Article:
Some of the key questions guiding my research will be:

  • To what extent were these royal heirs (seen as) acting as representatives of local traditions specific to their own monarchy and distinct from a wider Prusso-German identity?
  • Were they understood as vehicles of hope of a future for their Fatherlands that was distinct from the wider German context?
  • What role were these heirs (seen to be) playing in the future constitutional development within their own kingdoms.
  • What was expected from these future monarchs in terms of defining a future role for the monarch in fields such as culture, societal integration and economic development?
  • With all of these heirs there were deviations from the ideal of a dynastic succession: Wilhelm was without male issue; Ludwig was the son of a prince regent (Luitpold); Friedrich August was merely the heir-presumptive to his childless uncle, King Albert. To what extent were these deviations perceived as problematic for the continuation of the monarchical system?
  • To what extent can the hopes (and apprehensions) for the future of the kingdoms under these rulers before their accessions be linked to the sudden end of Germany’s monarchies in 1918?


Main Publications

  • Our Fritz. Emperor Frederick III and the Political Culture of Imperial Germany (Cambridge/Mass: Harvard University Press, 2011) – A German translation will be published by Siedler in 2013.
  • Britain and the German Question. Perceptions of Nationalism and Political Reform, 1830-1863 (Basingstoke: Palgrave/Macmillan, 2002)
  • Die Revolution von 1848/49 (Darmstadt: Wissenschaftliche Buchgesellschaft, 2012 [4th ed.])
  • Liberaler Volkskaiser und hochgemuther Recke: die Mythen um Kaiser Friedrich III. (Friedrichsruher Beiträge, Bd. 42, Otto-von-Bismarck Stiftung, 2012)
  • “Perhaps also useful for our election campaign”: The Parliamentary Impasse of the Late Wilhelmine State and the British Constitutional Crisis, 1909-1911’, in: D. Geppert/R. Gerwarth (eds): Wilhelmine Germany and Edwardian Britain. Essays on Cultural Affinity (Oxford: Oxford University Press, 2008), 67-87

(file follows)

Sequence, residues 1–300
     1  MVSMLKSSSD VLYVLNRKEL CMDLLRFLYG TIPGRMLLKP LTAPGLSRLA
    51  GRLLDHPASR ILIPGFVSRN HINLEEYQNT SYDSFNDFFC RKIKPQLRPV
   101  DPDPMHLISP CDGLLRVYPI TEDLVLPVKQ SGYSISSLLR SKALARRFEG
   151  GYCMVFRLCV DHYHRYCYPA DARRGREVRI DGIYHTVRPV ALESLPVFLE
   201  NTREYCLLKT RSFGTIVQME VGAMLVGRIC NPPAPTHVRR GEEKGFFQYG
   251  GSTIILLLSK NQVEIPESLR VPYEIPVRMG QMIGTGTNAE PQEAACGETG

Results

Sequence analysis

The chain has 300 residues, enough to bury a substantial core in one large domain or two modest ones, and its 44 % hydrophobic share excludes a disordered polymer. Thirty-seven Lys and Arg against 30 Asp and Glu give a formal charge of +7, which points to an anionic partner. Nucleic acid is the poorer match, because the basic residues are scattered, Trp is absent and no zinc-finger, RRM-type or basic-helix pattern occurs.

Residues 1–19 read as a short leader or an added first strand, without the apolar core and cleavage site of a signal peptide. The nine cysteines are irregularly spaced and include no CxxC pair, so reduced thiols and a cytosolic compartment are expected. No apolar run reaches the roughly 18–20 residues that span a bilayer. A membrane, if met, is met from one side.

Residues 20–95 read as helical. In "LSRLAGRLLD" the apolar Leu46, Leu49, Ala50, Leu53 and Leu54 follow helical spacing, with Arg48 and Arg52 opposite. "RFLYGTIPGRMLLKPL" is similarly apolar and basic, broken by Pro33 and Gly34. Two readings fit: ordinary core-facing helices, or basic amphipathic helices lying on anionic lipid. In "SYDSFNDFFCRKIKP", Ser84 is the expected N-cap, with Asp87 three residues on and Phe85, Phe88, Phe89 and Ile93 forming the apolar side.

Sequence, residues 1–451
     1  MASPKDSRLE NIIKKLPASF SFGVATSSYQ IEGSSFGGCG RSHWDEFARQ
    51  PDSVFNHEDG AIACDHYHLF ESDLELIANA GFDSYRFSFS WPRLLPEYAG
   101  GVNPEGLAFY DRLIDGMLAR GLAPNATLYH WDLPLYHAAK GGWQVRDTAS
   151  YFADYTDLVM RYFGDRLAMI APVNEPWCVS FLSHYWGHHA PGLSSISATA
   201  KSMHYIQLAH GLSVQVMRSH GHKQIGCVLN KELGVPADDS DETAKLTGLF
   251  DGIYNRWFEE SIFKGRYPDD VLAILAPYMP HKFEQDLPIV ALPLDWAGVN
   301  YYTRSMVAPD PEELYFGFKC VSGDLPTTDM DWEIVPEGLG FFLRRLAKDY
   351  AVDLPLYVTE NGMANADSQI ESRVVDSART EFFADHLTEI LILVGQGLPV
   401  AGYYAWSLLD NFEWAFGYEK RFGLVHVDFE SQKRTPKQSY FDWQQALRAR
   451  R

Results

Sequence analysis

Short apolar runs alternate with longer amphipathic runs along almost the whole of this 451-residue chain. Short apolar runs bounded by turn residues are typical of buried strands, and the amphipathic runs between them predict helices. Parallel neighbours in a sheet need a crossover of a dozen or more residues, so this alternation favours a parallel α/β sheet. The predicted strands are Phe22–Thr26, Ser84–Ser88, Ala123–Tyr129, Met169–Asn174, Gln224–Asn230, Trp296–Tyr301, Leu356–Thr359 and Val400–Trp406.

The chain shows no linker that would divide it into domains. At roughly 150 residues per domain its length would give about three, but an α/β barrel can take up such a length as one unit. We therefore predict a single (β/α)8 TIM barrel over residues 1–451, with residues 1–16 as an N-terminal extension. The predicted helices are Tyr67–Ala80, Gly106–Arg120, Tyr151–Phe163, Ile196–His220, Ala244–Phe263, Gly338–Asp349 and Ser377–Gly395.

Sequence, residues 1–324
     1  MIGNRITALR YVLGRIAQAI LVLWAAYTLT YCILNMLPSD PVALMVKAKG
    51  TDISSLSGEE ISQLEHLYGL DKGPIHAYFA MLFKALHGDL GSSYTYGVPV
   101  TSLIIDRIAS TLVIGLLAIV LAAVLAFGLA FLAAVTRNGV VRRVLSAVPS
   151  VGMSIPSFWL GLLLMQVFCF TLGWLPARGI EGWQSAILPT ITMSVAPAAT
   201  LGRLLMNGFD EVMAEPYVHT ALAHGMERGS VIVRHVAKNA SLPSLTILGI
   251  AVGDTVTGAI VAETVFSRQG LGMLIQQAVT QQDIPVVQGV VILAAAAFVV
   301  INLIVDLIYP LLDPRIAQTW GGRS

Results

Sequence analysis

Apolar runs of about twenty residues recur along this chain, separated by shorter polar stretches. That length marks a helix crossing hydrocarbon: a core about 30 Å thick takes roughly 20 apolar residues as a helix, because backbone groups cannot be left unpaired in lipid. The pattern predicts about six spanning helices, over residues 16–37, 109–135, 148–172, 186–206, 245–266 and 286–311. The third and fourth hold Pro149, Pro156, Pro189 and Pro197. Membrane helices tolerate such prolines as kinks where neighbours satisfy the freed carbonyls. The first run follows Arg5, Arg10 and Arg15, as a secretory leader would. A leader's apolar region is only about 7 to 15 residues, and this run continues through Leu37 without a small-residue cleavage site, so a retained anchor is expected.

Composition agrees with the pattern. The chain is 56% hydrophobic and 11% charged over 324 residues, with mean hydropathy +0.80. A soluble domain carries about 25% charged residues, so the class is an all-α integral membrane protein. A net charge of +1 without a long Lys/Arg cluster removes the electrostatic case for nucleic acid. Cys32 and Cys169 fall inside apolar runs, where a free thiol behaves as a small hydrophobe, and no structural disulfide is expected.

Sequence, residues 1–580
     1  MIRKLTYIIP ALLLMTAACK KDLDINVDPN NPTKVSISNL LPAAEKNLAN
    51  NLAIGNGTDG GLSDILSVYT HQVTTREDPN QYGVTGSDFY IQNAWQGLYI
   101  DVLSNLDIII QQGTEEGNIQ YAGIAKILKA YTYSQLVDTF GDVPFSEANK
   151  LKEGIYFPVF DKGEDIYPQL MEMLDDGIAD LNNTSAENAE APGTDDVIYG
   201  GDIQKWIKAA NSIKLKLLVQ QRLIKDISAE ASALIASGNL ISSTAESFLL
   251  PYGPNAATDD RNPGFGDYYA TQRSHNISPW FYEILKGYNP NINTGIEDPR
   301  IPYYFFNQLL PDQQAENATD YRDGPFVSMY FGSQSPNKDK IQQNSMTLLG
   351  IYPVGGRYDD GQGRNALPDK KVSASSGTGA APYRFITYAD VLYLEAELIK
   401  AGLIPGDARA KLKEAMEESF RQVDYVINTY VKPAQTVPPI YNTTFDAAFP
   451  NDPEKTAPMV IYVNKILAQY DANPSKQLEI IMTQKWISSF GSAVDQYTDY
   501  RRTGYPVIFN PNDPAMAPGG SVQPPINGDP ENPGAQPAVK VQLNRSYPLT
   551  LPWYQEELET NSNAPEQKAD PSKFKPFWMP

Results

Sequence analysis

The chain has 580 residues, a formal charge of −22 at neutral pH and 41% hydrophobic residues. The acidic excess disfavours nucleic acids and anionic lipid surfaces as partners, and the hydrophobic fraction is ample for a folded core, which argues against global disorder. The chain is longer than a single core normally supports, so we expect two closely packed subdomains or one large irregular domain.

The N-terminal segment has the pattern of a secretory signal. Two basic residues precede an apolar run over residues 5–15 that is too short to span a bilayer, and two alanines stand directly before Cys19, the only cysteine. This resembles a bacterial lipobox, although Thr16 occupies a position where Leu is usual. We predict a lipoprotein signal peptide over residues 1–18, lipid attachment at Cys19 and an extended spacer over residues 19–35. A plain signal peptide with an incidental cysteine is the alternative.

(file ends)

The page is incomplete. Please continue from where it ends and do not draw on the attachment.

• Man, Myth and Monuments: The Legacy of Otto von Bismarck (1866-1998), European History Quarterly 38 (2008), 626-636
  • The Spectre of a People in Arms: The Prussian Government and the Militarisation of German Nationalism, 1859-1864’, English Historical Review cxxii (2007), 82-104
  • Palmerston, Schwarzenberg and the Struggle for a New German Order’, in: D. Brown/M. Taylor (eds): Palmerston Studies II (Southampton: Hartley Institute, 2007), 97-118
  • “The Enlightened Views of the Prussian Monarch.” Preussen als Hoffnungsträger britischer Reformvorstellungen für Deutschland, 1834–1863’, in: B. Becker/V. Czech/J. Luh (eds): Preussen, Deutschland und Europa, 1701–2001, (Groningen: INOS, 2003), 197-215
  • Imperialist Ambitions in Vormärz and Revolutionary Germany: the Agitation for German Settlement Colonies Overseas, 1840-1849’, German History 17 (1999), 346-368
  • Der Traum von der Weltmacht. Imperialistische Ziele in der deutschen Nationalbewegung von der Rheinkrise bis zum Ende der Paulskirche’, Jahrbuch der Hambach Gesellschaft 6 (1996/97), 99-183